This first act is enough reason to see Rak Of Aegis. And then there is this cast, small but so in sync, you actually believe Barangay Venezia to exist.
Aicelle Santos in the lead role of Aileen was everything I expected after having seen her stage debut in Katy! last year. It isn’t just about having a voice that can sing those Aegis songs with chutzpah, it is also her ability to make this character her – you completely forget she’s a diva you watch on Sunday TV. In fact, you forget she’s made a career out of being biritera at all, as she does the light and heartfelt scenes with aplomb, and that take on the promo-girl was a scene-stealer.
Aileen’s counterpoint in this story is her father Kiel (Robert Seña), a tired man who used to be the town playboy. Age has caught up with him, as has the fact of a town ruined by rain and floods that won’t go away. He is angry and frustrated, and is dealing with a daughter who gets caught up in the absurd task of earning despite, and from the, flood that won’t go away. Seña’s magic is in the old man stance that he takes, the one who is learned but now also fragile, the one who has no time for regret because the present is urgent. The urgency is in the voice that he uses to sing those heart-wrenchingly painful songs.
Two other actors who would just consistently bring the house down were Phi Palmos as Jewel and Jerald Napoles as Tolits. Now one of the great things about this musical is that it refused to do stereotypes, and this was true of the character of Jewel, the lone gay individual in the barangay. Here she is also the center of commerce (with a sari-sari store that sells everything from beer to load), as she is the only other person with a dream of better, confident in his artistic abilities (he designs shoes), and his smarts. Palmos rises to the occasion of this character and layers her with perfect timing and a voice that does not falter.
But Napoles’s take on Tolits is what will stick with you, not because his character is complex – his is the unrequited love that the story starts with – but because the portrayal is wonderfully truthful even as it is comedic. His take on Aegis songs were also en pointe, powerful in its pain and longing, and always a surprise because Tolits’s demeanor is shy and quiet. Napoles’s timing, his movements, all of it was this character, and made it the most complete figure on that stage.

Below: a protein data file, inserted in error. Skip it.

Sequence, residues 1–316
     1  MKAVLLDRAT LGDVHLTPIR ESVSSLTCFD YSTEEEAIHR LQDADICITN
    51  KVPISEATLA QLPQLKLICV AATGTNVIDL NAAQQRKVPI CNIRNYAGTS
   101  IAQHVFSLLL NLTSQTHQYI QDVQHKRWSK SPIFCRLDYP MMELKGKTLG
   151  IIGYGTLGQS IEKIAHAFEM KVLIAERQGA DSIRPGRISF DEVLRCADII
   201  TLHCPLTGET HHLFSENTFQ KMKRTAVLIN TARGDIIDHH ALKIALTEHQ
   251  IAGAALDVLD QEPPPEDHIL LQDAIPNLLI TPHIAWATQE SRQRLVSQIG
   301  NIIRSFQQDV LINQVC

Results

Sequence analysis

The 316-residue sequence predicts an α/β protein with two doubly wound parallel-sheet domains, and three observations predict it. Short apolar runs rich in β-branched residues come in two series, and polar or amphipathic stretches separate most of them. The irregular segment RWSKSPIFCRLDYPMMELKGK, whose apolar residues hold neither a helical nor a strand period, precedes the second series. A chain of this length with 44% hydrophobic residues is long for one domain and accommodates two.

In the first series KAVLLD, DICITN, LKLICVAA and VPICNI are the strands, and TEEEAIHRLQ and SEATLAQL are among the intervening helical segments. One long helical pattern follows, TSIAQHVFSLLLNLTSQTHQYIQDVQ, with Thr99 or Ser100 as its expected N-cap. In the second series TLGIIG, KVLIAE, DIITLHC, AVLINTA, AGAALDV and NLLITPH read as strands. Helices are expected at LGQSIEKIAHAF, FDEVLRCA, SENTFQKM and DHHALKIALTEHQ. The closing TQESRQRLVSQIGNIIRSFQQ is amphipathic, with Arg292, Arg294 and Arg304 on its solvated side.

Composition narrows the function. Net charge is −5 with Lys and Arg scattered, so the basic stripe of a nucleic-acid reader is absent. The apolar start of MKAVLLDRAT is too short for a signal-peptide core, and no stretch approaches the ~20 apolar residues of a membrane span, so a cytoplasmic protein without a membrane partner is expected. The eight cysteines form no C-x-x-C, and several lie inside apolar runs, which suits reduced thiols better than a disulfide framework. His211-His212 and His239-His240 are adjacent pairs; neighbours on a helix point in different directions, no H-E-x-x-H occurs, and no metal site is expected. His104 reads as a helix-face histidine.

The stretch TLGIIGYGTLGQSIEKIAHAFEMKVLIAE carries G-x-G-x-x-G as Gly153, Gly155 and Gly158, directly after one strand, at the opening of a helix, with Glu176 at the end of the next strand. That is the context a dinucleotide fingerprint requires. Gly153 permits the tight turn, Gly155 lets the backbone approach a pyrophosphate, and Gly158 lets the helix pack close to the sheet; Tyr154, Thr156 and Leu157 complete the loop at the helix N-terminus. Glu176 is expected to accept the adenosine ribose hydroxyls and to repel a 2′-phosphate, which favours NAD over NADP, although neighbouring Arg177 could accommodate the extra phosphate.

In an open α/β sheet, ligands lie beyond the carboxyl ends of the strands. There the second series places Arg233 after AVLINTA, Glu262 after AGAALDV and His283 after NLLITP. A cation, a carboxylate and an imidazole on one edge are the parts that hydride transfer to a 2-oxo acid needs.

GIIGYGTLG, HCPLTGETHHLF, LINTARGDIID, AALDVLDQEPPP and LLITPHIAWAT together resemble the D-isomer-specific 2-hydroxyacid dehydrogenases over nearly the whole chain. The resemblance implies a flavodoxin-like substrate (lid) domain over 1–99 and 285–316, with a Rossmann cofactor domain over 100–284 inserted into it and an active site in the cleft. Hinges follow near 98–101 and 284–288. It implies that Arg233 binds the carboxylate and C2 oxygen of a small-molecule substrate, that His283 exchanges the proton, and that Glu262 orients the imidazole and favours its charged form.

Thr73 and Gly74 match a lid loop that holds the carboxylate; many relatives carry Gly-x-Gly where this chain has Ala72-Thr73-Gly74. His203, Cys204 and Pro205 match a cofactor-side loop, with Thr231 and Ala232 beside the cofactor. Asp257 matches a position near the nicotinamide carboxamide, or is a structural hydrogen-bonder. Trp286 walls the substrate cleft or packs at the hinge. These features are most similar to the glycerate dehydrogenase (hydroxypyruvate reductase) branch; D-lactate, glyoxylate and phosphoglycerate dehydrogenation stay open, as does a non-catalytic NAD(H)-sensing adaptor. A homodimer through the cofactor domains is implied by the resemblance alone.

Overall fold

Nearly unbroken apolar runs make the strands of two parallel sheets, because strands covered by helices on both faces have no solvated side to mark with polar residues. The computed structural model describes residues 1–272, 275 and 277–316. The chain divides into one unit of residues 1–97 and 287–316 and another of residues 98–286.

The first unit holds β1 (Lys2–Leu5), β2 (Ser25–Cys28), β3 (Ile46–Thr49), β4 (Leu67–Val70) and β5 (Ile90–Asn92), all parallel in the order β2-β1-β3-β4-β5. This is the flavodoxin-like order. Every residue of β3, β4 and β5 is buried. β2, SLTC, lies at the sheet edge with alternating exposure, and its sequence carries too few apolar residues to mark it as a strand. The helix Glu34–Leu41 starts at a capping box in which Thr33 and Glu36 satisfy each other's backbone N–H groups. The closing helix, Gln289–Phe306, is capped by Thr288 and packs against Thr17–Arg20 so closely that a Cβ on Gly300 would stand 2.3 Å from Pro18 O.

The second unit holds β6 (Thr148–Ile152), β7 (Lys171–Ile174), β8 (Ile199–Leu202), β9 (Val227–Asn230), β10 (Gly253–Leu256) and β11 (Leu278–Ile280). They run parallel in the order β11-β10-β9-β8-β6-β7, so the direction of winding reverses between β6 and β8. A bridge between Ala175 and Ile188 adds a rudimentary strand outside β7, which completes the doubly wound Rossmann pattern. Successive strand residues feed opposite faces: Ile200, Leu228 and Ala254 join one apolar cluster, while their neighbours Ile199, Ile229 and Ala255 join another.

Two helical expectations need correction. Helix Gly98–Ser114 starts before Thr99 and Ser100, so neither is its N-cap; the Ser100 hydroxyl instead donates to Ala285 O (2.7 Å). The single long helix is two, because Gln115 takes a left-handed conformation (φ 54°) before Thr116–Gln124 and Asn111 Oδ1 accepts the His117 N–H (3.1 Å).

It it because of these characters, and all of Act One, that the second act’s flaws just became more glaring, where the complexities of flooded towns and development, of corrupt government officials and desperate times, are not dealt with completely nor properly. The story unravels and one thinks: ah, just like that? No build-up, no tearing apart of the fact of development vis a vis flooding, globalizations vis a vis local industry? It was almost a god-in-a-basket, the resolution too swift it failed to truly be a resolution.
Too there’s this: to bring these concepts into the mix and not discuss it well is an injustice to the ones who are truly suffering because of those same things, yes? And that was what they wanted to talk about too, interspersing the narrative as they did with footage of our catastrophic floods.
But even worse than this? The insistence on making Rak Of Aegis into a story with a happy ending, i.e., complete with a fashion show in place of curtain call. It was the most awkward I’ve seen any cast taking their bows. I felt for them because they deserved more applause, but the audience was confused about whether this was part of the play, or curtain call – and the latter was just an epic fail.
Good thing the rest of this wasn’t a fail at all, and certainly it was a valiant effort to bring together such a critical issue as flooding and the music of Aegis. It might have failed at talking about the former, but at least it had Aegis down pat. That’s good – and happy – enough for me.
Rak Of Aegis opens 2014, and closes the 46th theater season, for PETA. It was written by Liza Magtoto and directed by Maribel Legarda, with musical direction by Myk Solomon, and set by Mio Infante. Rak Of Aegis runs until March 9.